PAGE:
In the same week that the Government announced that it was pulling the plug on TVNZ7, and driving another nail into the coffin of public television broadcasting in New Zealand, we learnt that the Government gave $43 million to the commercial broadcaster Mediaworks, despite being advised by officials that the loan request be turned down.

The Ministry of Economic Development said it did not see 'a strong case' for the loan, and warned the deal would carry 'a financial risk' for the government.

Treasury said the loan would see the government 'acting as a bank' for Mediaworks. Mediaworks owns Tv3 and TV4 and approximately half of the country's commercial radio stations. It is also heavily in debt.

Initially the Government accepted the official advice but that's before our old mate Brent Impey decided he wasn't going to take 'no' for an answer.

Those who have followed the squalid tale of Kiwi FM will know that it was Brent impey, the former Mediaworks chief, who was instrumental in preventing the exciting Youth Radio Network from getting off the ground.

Impey was worried that a non-commercial youth radio network would pull audience away from the Mediaworks stable of pop/pap stations such as The Rock and More FM.

Impey lobbied the Minister of Broadcasting Steve Maharey who subsequently gave the three valuable FM frequencies reserved for the YRN to Mediawork's struggling Kiwi FM.

Maharey ignored the advice of the Labour Government's own advisory group. The group, made up of representatives from student radio, access radio and some other media-savvy young people, strongly supported the establishment of the YRN.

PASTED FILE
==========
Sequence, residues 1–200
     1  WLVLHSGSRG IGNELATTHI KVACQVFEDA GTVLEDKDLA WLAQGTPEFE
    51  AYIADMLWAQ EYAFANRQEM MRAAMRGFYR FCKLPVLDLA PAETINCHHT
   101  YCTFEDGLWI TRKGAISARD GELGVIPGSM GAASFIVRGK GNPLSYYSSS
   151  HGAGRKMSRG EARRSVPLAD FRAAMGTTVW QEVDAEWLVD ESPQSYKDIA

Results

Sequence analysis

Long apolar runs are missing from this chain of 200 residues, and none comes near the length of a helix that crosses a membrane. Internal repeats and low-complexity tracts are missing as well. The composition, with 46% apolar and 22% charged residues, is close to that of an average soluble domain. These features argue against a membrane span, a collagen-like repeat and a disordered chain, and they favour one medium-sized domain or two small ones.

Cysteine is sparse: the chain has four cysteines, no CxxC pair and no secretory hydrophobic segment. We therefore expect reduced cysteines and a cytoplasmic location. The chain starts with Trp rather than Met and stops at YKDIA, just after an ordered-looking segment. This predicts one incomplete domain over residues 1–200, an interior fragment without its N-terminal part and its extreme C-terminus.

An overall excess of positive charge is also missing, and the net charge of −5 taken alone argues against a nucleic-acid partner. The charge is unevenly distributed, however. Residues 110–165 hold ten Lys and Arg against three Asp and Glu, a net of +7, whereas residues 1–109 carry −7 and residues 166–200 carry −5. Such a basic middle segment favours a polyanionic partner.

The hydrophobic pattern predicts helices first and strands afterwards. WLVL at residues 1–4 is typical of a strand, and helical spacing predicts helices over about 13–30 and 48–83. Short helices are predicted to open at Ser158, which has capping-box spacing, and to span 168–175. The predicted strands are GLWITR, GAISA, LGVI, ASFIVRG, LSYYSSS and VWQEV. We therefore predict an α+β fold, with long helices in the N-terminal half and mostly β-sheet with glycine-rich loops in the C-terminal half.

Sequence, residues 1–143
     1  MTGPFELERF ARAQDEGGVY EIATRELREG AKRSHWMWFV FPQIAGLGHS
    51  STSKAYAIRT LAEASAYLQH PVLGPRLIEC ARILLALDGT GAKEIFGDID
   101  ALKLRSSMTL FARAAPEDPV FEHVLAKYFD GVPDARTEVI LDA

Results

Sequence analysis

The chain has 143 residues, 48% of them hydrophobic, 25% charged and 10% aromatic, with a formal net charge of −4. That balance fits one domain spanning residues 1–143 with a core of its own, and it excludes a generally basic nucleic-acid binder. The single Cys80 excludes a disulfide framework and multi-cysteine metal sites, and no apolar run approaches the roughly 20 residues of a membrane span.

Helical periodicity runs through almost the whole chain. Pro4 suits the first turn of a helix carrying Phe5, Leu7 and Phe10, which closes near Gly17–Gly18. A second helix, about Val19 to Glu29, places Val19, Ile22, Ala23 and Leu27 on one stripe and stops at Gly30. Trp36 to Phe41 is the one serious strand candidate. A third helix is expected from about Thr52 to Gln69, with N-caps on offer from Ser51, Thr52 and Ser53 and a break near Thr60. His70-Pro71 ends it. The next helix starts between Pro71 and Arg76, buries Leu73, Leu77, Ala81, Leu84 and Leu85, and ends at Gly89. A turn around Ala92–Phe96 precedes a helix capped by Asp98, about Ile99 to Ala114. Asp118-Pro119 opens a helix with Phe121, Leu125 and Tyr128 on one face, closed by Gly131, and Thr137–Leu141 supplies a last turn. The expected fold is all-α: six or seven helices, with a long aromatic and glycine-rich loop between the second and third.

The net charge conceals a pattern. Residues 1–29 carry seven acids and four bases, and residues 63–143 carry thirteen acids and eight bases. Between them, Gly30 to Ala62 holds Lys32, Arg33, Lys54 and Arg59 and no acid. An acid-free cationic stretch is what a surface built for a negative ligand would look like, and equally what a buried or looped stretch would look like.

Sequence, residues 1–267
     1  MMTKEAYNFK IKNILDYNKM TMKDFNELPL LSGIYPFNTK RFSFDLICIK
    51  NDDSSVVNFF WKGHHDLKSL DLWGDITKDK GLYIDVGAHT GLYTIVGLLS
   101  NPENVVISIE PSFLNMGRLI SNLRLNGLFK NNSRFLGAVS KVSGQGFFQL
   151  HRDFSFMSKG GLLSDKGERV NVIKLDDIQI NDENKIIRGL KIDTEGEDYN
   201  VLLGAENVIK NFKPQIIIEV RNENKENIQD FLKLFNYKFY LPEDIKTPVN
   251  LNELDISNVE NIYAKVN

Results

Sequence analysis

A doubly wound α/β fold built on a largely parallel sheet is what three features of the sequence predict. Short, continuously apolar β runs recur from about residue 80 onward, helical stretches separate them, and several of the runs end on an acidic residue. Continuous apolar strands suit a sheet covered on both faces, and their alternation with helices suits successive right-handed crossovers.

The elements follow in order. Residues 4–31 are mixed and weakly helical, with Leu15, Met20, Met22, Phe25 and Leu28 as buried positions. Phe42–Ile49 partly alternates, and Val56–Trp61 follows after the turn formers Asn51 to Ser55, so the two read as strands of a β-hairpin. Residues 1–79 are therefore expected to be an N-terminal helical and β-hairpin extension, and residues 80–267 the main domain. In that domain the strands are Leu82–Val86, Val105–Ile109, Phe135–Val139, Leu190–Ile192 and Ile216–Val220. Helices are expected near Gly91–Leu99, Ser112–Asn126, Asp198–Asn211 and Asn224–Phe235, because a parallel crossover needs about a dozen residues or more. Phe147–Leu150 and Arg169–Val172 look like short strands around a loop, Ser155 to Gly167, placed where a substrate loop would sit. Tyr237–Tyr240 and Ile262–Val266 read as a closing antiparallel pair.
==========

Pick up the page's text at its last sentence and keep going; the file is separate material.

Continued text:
Impey was about to axe Kiwi FM but, with the generous help of Maharey, he was able to keep Kiwi FM on air. More importantly for Impey and Mediaworks, he stopped the non-commercial YRN in its tracks.

So whenever Impey arrives on the scene you know he's looking for a sweetheart deal for a commercial broadcaster that has constantly attacked public broadcasting in this country.

After Communication and Information Minister Steven Joyce said 'no' to the loan, Impey decided to go over Joyce's head and lobby the Prime Minister.

The loan was subsequently approved by cabinet.

Brent Impey has strenuously defended this deal on Radio Live's 4-6pm show which he is hosting until the unpleasant Paul Henry takes over later this year. He's had the support of other Radio Live hosts, including Karyn Hay and Andrew Fagan. They used to work for Kiwi FM, a station that attracts a 0.1% total listenership. Clearly they are grateful that their mate Brent kept them in work.

While Impey thinks its okay for Mediaworks to be bailed out by the Government, he has constantly attacked Radio New Zealand and its requests for more funding. Unlike Mediaworks loan requests however, RNZ's requests for additional funding have not been looked on kindly by a Government unsympathetic to the public broadcasting ethos.

Last year Impey was attacking RNZ for 'crying poor' and said:

“We [private sector media companies] have had to make paradigm shifts in the way we run businesses to keep them viable.'

That 'paradigm shift' now apparently includes expecting the Government to bail you out financially whenever the going gets tough.


  1. Stinks like a possum on a hot engine block.
    Can we be clear, though. Community Access radio has never supported the concept of a "youth radio network". Communiy Access radio has always said that spare non-profit frequencies should first be allocated to long standing community stations struggling on old AM frequencies. It's actually unlikely community Access radio was ever represented on any "advisory group". The last Labour government and their officails went out of their way to avoid consulting with community radio at all.


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